Solaye Snider, Blog Writer
Last Thursday, two separate leaks to the Globe and Mail and CTV News revealed that the processing of Syrian refugees was halted by the Conservative government for several weeks this spring to complete an additional audit of United Nations High Commissioner for Refugees (UNHCR)-referred refugee files due to security concerns.
The refugees being audited had already been selected and vetted by the UNHCR, but were then stalled before being accepted for resettlement in Canada. This meant that the process was already backed-up when public outcry in August prompted the government to expand their refugee resettlement targets, threatening Canada’s ability to deliver on this and previous promises.
It is unknown exactly when the halt was lifted, but the spokesman for Immigration Minister Chris Alexander confirmed that processing did resume after several weeks when no security concerns were found. The processing of refugees through private sponsorships had continued without pause throughout this time.
The leak from the department of Citizenship and Immigration also revealed that the Prime Minister’s Office (PMO) was prioritizing refugee applications from Christians and other religious minorities over those of Shia and Sunni Muslims, who make up close to 90% of the refugees in region. Conservative Party leader Stephen Harper admitted that higher priority was being placed on such religious minorities, but repeatedly asserted the decision was “not exclusionary,” and rather to prioritize the most “vulnerable” groups.
The refugees selected by the UNHCR for government processing are already the most “vulnerable,” as the organization can only refer 1% of those displaced around the world for resettlement in the West.
The Conservative government highlighted issues of national security, claiming that intelligence reports had raised alarm that certain Islamic State fighters were “actively trying to infiltrate the flood of migrants and make their way to Western countries.”
In response, NDP leader Thomas Mulcair accused the Conservative government of forcing the Canadian public to make a false choice between national security, and Canada’s international obligation towards the acceptance of refugees.
The Liberal party has promised to resettle 25 000 refugees by January 1st 2016 if elected. They also propose to withdraw Canada’s military presence in Iraq and focus instead on the training of local forces and other means of humanitarian support. The NDP have pledged to resettle 10,000 refugees by the same time, but 46 000 over the next four years. They oppose the military coalition fighting in Iraq and Syria and would pull out Canadian troops immediately, as well as appoint a commissioner to travel to the region to speed up the processing of refugees.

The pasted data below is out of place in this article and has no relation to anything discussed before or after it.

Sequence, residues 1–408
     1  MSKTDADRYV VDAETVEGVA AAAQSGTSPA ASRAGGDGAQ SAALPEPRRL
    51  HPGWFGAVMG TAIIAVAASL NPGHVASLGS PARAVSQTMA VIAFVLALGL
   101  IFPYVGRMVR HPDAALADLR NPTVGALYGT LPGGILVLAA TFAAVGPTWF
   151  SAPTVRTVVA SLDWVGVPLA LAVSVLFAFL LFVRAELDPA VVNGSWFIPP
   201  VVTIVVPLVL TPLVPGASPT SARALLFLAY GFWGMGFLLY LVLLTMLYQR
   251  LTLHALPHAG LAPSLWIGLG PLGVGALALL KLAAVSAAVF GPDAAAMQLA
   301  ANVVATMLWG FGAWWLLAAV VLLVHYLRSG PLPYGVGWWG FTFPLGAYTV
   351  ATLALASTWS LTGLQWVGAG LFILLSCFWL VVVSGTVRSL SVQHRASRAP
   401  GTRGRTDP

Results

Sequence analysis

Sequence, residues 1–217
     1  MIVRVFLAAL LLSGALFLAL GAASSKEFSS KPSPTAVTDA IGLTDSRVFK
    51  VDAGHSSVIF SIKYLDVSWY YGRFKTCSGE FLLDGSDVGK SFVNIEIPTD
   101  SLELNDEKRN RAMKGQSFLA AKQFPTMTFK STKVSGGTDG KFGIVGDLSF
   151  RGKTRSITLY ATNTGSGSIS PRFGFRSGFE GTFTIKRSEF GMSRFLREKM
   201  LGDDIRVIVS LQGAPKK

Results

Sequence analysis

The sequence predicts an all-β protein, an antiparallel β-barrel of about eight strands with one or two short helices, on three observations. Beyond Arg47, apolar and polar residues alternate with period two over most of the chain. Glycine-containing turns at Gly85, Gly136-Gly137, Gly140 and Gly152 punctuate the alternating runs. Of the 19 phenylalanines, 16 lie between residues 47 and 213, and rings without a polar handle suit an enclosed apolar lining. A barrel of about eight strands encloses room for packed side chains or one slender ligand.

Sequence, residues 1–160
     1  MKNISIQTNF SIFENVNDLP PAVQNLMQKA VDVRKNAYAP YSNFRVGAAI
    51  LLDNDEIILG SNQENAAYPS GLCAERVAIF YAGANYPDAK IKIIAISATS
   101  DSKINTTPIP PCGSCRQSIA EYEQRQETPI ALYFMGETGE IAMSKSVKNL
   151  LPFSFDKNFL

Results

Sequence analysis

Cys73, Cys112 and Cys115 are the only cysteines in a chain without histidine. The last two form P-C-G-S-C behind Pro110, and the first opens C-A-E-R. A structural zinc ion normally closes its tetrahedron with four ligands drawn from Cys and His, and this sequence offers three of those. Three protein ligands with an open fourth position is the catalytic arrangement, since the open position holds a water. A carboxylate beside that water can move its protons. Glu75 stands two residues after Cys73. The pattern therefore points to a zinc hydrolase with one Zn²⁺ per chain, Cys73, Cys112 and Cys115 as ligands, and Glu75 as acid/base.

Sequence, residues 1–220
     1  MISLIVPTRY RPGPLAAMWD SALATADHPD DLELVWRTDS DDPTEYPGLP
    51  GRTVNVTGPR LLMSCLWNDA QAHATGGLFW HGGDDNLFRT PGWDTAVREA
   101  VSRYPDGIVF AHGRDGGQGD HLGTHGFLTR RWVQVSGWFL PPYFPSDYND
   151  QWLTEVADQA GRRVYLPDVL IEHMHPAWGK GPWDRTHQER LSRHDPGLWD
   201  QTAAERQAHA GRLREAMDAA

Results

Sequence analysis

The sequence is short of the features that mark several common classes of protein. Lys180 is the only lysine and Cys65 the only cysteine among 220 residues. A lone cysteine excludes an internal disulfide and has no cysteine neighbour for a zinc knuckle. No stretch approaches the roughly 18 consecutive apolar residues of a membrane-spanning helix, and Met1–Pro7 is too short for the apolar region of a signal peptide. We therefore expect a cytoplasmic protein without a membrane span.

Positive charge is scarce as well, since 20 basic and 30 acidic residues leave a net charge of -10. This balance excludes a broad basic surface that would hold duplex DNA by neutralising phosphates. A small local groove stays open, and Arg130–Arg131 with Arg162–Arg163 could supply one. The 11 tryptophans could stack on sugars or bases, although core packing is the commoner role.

Green Party leader Elizabeth May has urged Canada to “take on its share of the responsibility in the Syrian refugee crisis.” In a public statement, she echoed her NDP and Liberal counterparts by condemning the Conservative’s inaction on the refugee crisis. She also drew comparisons with Canada’s historical record in dealing with other refugee crises, noting that the process today is far more difficult and expensive than it’s ever been.
Canada’s record in the crisis has been lamentable thus far, with only 308 UN-referred refugees accepted before August of this year, compared to the 1,513 admitted through private sponsorship programs.
The opposition parties have not been the only ones to condemn the Conservative government’s slow response to this major refugee crisis. The UNHCR has also challenged Canada to offer more assistance in light of serious food shortages and deteriorating living conditions faced by Syrian refugees.
On October 19th Canadians are being given the chance to make their voices heard and choose the parties and candidates they believe will lead the way on humanitarian issues and fulfil Canada’s Responsibility to Protect. On October 20th, it will then become our responsibility to hold our leaders to their word.
Let the Canadian Government know that they can do more to help in this refugee crisis. Click here to find out how.